Brussels - The “green shoots of recovery” have become more apparent in recent months, not least because financial stimuli have kick-started the global economy. However, the upturn is set to be slow and a number of challenges continue to confront the paper recycling sector, it was noted in Amsterdam by BIR Paper Division President Ranjit Baxi at the BIR Autumn Round-Table Sessions in Amsterdam.
On a more positive note, it was confirmed that China has continued to increase its imports of recovered fibre following a pronounced dip in orders around the start of this year. According to Mr Baxi, the country bought in some 18.6m tonnes in the first eight months of 2009, with the USA providing 7.654m tonnes and Europe around 6.5m tonnes. If Chinese imports continue at this rate for the remainder of the year, they will total around 27.9m tonnes for 2009 as a whole - an increase of some 15 percent over the 24.15m tonnes of 2008, delegates were informed.
Data provided by guest speaker Bill Moore of the well-known USA-based consultancy Moore & Associates showed that China’s recovered paper imports slumped in January this year but quickly recovered to an all-time monthly peak in April. By the year 2014, his figures suggested, China could be a net importer of around 35m tonnes of recovered paper.
Fellow guest speaker Trilochen Singh of RKS International Sales GmbH & Co. KG in Germany predicted that import demand from China would rise to 37m tonnes by the year 2012 while requirements in India would jump to 20m tonnes by the year 2020 in response to paper manufacturers upscaling their technologies.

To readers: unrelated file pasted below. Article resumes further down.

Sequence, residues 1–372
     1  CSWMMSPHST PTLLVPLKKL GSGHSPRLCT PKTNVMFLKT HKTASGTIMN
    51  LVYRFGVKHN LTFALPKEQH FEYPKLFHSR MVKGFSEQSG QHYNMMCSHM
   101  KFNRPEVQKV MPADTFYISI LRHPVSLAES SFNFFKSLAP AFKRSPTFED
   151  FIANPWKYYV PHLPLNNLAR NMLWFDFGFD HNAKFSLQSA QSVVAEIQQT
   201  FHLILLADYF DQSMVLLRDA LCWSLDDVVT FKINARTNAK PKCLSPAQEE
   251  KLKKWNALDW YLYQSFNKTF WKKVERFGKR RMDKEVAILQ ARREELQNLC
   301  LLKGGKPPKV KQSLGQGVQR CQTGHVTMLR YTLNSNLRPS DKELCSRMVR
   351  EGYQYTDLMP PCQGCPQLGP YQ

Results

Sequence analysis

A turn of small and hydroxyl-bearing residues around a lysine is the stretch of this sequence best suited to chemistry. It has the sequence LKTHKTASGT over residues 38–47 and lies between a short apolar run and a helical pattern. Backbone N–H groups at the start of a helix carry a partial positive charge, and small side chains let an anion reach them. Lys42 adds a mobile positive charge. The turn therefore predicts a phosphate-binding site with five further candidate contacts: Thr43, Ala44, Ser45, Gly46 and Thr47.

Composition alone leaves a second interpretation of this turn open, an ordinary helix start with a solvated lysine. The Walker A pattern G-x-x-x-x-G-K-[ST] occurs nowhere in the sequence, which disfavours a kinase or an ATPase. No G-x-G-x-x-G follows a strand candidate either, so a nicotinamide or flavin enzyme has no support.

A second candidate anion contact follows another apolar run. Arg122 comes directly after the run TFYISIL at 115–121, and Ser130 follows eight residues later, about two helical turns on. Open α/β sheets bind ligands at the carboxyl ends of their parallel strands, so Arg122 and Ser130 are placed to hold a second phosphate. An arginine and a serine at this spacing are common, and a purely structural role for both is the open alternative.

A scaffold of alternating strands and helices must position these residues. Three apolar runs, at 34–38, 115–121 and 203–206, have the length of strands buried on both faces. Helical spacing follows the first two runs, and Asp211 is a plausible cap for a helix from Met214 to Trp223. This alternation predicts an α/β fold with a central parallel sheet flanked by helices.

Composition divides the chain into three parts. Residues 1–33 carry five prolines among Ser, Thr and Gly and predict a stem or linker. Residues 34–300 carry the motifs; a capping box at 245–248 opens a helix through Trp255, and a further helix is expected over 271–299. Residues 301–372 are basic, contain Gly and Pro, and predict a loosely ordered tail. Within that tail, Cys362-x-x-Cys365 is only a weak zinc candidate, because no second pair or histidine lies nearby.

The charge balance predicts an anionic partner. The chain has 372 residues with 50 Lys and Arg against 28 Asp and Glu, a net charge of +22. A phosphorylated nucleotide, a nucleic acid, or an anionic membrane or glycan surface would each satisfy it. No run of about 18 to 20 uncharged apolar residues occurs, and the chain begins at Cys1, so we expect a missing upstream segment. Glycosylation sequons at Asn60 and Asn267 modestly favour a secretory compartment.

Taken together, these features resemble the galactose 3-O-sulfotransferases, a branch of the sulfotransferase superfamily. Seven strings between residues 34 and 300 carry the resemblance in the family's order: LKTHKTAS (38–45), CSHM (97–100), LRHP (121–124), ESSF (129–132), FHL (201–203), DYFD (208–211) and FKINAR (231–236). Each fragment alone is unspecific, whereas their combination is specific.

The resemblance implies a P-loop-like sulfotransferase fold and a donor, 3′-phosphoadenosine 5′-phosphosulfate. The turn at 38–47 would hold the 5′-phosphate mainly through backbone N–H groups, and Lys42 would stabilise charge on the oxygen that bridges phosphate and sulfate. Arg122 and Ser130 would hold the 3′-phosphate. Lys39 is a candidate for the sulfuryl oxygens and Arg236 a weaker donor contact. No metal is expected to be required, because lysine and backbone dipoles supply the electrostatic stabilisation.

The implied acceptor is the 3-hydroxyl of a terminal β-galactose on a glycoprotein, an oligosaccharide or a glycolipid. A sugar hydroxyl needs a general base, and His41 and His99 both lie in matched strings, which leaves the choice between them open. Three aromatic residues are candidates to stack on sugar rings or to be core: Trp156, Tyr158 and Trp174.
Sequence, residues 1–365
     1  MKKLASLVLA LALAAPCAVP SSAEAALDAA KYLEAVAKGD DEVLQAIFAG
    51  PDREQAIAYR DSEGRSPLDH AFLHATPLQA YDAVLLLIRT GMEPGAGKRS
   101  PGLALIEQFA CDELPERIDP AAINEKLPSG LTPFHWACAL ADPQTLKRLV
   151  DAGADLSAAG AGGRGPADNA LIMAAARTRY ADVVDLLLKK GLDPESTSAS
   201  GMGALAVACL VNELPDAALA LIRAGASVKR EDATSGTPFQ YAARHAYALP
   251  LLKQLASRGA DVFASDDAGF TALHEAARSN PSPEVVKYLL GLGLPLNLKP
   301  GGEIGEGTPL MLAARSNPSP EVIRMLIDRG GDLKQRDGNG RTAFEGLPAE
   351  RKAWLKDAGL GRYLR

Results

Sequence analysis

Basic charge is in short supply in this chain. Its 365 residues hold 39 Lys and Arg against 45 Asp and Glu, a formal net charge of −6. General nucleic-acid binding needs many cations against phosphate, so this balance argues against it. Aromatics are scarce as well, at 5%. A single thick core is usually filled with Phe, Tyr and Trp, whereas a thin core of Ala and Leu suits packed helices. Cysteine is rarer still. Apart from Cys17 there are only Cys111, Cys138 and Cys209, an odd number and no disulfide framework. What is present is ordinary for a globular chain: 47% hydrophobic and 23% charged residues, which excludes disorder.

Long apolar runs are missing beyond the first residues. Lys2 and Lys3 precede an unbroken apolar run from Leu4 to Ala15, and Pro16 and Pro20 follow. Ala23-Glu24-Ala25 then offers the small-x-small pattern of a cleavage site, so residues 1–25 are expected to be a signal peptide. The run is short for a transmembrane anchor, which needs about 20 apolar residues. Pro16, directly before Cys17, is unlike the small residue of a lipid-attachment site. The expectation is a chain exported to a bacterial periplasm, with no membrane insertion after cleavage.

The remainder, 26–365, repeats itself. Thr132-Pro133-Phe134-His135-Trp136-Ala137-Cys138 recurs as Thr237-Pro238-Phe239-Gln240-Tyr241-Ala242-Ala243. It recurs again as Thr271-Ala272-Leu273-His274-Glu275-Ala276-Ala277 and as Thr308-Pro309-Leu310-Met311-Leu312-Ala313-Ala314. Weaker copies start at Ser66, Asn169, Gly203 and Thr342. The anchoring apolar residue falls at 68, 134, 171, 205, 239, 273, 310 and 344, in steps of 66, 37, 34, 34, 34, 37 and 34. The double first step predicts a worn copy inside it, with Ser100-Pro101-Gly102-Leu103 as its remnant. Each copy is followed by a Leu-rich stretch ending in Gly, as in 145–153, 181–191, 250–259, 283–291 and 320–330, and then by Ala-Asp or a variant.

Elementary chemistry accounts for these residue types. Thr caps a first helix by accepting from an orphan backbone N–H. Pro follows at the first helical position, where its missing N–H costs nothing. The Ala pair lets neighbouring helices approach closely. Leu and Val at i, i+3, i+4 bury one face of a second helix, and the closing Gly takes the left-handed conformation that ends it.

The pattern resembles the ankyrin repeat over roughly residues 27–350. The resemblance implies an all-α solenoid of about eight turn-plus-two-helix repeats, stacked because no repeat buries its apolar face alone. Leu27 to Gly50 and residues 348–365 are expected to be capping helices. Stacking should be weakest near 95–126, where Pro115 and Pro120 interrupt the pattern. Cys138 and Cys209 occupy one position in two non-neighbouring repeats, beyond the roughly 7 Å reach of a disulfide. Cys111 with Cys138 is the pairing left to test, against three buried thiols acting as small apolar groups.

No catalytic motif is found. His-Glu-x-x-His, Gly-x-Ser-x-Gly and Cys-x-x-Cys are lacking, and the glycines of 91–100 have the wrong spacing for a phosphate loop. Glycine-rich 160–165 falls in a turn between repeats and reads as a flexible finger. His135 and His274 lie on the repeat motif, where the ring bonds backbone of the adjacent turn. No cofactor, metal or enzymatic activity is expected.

Rising sea freight rates was another challenge to the recovered paper sector identified by Mr Baxi. And guest speaker Peter Hall, Managing Director for the UK & Ireland of container transportation specialist APL, warned that a continuation of “unsustainably low” freight rates would lead potentially to shipping line failures, to a degradation of service levels and, in the longer term, to a lack of re-investment within the container shipping industry.
In her report on European Recovered Paper Association activities, Merja Helander of Finland-based Paperinkeräys Oy confirmed that the European paper recycling rate has reached 66.6 percent. The key question now, she said, is how high the recycling rate can feasibly go. “It can’t go up forever,” she added.
The meeting in Amsterdam also saw the family-owned SAICA Group become the latest recipient of the BIR Paper Division’s Papyrus Prize. The award recognises the group’s increasing use of recovered fibre as well as its “healthy partnership” with companies in the supply chain. On receiving the prize from BIR World President Dominique Maguin of France, SAICA’s Materials Director Guillermo Vallés Albar confirmed that its mills have used solely recovered paper for more than a decade. Quelle: Bureau of International Recycling (BIR)